Council proposes Clean Air Zone to regulate bus emissions as part of package of measures to boost air quality in the city up until 2020
City of York council has unveiled a package of proposed measures aimed at improving air quality, including a Clean Air Zone (CAZ) plan to regulate bus emissions in the city centre.
Under proposals for the Zone, local bus emissions would be regulated based on the frequency that they enter York’s inner ring road.
However, the council said that the CAZ is subject to further consultation with bus operators as well as “continuing support in terms of access grants and loan schemes to enable operators to upgrade their vehiclesâ€? before it can be implemented.
The CAZ plan is one of a number of measures for the next six years (2014-2020) outlined in the council’s third Air Quality Action Plan (AQAP).
Air quality is monitored by the council at more than 340 locations in the city, while there are currently three Air Quality Management Areas (AQMAs) in the city – York city centre, Fulford and Salisbury Terrace.
Other proposals in the AQAP include: measures to deter vehicle idling; a freight improvement plan; and further measures to reduce emissions from taxis and the council’s vehicle fleet.
In addition, the council is proposing to development a wider electric vehicle recharging network and a compressed natural gas (CNG / biomethane) refuelling station in the AQAP.
Also included in the plan are measures in York’s Low Emission Strategy (LES), which the council claims “was the first strategy of its kind to be adopted in the UK in 2012â€?.
Elsewhere in the plan there are details of the council’s work to roll out electric buses and put in place a network of public electric vehicle charging points.
After a successful bid to the government’s Green Bus Fund in May 2013, York said it had become the first city in the north of England to introduce a new fleet of electric buses to its park and ride service and other routes across the city (see airqualtynews.com story).
Through the bid, the council and bus companies First and Transdev received £1.4 million funding towards fifteen new electric buses, which were designed to save more than 7,500 tons of carbon emissions over their lifespan.
York also claims to be the first city in the region to introduce a network of pay-as-you-go electric vehicle charging points, with 12 such charging points installed at five locations across the city in 2013 (see airqualitynews.com story).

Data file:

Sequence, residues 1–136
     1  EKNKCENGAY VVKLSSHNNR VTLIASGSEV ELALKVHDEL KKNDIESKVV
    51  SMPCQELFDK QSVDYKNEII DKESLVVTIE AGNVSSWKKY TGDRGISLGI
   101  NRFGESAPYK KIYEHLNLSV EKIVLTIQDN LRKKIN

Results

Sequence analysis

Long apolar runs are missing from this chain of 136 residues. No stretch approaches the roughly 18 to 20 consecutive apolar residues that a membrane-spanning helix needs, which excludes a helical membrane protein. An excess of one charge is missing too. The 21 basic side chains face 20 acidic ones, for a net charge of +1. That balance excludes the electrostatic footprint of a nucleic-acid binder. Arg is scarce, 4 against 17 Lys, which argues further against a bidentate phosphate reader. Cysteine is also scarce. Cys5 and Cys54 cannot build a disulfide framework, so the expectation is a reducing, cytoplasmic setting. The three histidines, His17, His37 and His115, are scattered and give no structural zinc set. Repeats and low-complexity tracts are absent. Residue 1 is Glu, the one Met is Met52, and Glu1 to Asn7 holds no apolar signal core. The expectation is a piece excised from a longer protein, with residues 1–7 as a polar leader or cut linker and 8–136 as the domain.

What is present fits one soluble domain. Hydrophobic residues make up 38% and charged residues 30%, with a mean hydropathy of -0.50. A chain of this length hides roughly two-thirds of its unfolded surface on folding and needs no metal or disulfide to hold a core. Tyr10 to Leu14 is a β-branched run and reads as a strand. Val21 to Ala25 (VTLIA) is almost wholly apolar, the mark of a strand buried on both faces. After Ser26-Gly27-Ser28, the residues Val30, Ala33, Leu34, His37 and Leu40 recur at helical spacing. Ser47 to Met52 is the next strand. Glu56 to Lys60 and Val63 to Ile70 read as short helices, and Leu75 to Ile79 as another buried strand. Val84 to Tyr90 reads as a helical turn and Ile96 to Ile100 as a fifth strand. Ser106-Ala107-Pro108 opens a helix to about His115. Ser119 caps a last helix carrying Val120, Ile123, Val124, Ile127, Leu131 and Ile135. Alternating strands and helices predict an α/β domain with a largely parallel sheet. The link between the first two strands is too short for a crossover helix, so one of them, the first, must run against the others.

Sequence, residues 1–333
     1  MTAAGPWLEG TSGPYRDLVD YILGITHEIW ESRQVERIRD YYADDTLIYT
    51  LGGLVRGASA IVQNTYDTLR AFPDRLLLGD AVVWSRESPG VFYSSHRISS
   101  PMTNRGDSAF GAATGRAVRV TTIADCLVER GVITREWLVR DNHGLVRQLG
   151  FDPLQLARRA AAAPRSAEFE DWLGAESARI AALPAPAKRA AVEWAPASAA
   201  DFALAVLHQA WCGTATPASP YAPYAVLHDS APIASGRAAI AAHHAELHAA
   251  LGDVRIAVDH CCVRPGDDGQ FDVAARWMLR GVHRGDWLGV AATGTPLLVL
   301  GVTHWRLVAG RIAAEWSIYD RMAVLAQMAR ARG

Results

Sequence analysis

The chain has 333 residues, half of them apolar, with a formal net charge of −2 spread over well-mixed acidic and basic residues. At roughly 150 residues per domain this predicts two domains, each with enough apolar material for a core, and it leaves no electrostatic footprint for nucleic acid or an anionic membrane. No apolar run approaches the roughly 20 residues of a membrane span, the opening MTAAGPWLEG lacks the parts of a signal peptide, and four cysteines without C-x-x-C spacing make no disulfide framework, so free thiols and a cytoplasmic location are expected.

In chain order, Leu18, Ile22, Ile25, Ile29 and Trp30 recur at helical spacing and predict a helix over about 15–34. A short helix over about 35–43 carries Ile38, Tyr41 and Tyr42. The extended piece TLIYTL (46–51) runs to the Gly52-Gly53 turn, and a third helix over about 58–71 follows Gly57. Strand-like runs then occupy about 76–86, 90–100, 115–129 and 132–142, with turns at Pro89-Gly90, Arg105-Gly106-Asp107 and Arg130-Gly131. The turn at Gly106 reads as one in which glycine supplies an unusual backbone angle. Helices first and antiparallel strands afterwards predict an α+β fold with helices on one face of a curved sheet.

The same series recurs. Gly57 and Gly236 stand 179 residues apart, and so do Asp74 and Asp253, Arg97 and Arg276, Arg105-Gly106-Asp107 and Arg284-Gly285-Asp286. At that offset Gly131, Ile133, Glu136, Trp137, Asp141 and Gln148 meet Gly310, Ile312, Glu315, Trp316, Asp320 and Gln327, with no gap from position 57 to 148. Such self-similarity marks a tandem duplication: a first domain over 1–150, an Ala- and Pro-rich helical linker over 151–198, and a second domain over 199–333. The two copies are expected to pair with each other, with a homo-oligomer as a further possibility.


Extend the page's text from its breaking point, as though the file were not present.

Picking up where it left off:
According to the council, four further charging points have also recently been installed in three additional locations – all with ‘Rapid Chargers’.
City of York councillor Dave Merrett, cabinet member for environmental services, planning and sustainability, said: “Poor air quality is one of greatest challenges currently faced by York, and indeed the UK, and a significant human made cause of ill health and possible premature death.
“Like other local authorities York has an obligation to meet the health-based air quality objectives, and this plan demonstrates how we can better tackle the issue, which is primarily due to vehicle emissions and particularly diesel engines. The promotion of electric engine vehicles, which are very cheap to run, albeit expensive to purchase, will also help us to meet Climate Change Act (2008) targets for reducing greenhouse gas emissions.â€?
Councillor David Levene, cabinet member for transport, said: “We’ve been determined to improve York’s air quality and the city’s carbon footprint, and have been working with bus operators through York’s Quality Bus Partnership to achieve this.
“A feasibility study commissioned by the council and undertaken by Arup has shown around 80% of York’s bus services could be operated using electric vehicles because they operate largely within the urban area, making it easy to provide recharging facilities. It is City of York council’s aspiration, therefore, to improve air quality in York by converting these services to electric power.â€?